Wilkes Forensics Team Impresses During Spring Semester
Mellon graduated from the University of Scranton with a dual degree in Communications and Philosophy. That is where Mel¬lon started to get a love for speech and debate; she was recruited to join the team by one of her profes¬sors, Edward Warner. While on the Speech and Debate Team she was a policy debater. During her junior and senior years, Mellon was the Pennsylvania State Champion for a college debate on energy. “Being on the team is the one single thing that I can point to that brought me success in my career,” said Mellon. “It gave me confidence.” Pictured on the right is Christine Mellon in her office.
Dr. Estwick Invited to Present Research at Conference in Greece
Photo: Speech Team in Montreal, Canada.
By: David Cook & Dr. Jane Elmes-Crahall
By: Allison Roth For Dr. Evene Estwick, assistant professor of Communication Studies, receiving an acceptance letter in the mail was all she needed to start another journey abroad. Reading the words, “I would like to inform you that the selection com¬mittee has decided to accept your submission” sealed the statement that she would be presenting her research in Athens, Greece.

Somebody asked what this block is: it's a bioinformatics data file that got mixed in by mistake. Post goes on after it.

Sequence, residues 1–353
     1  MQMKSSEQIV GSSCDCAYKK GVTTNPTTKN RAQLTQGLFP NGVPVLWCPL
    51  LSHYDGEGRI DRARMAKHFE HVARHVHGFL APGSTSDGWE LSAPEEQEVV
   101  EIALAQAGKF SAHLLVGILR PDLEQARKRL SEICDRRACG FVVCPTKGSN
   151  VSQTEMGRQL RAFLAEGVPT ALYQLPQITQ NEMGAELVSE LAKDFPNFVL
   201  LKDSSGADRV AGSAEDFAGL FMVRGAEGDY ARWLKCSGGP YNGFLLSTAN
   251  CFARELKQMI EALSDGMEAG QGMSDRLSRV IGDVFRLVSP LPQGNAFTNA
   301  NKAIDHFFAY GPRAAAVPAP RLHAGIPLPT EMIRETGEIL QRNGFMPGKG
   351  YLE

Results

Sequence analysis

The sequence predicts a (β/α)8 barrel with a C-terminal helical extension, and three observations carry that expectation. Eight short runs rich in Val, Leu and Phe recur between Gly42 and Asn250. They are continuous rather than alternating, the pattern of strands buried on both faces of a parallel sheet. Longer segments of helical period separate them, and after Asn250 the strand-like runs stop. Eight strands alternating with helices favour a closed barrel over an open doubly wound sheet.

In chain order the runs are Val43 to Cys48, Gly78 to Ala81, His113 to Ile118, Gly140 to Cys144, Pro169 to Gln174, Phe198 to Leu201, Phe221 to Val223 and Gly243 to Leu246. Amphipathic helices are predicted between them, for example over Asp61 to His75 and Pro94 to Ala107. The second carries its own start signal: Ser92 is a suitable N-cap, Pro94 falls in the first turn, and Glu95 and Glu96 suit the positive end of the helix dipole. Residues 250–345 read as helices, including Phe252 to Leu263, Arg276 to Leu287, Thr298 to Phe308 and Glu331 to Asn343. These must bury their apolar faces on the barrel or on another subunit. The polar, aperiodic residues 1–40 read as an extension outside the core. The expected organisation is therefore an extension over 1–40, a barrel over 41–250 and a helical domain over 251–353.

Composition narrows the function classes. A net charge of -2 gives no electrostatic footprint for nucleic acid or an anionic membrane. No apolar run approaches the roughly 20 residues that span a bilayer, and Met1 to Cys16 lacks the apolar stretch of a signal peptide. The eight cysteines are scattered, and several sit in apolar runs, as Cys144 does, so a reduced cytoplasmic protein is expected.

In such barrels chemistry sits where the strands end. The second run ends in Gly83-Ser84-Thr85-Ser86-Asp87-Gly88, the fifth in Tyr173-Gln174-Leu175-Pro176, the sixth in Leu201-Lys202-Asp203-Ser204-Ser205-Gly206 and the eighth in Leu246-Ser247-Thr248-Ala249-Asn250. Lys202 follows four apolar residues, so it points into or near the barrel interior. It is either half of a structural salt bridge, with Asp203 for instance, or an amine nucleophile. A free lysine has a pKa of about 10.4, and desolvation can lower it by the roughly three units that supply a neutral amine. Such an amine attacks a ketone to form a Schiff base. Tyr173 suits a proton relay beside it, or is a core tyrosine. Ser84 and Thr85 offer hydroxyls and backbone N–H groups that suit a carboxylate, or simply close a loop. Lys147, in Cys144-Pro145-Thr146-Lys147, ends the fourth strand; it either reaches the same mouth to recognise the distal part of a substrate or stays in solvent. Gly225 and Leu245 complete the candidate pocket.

The Speech Team got off to a successful start during the first week of the current semester, when they traveled to Montreal, Canada, for the team’s first international competition in recent history. The tournament was held within the Fairmont:
Dr. Estwick’s research presen¬tation is entitled Birth of a Digital Nation: A Case of the Digital Video Industry in Barbados. She will be presenting it at the 9th Annual International Conference on Com-munication and Mass Media on May 16-19, 2011.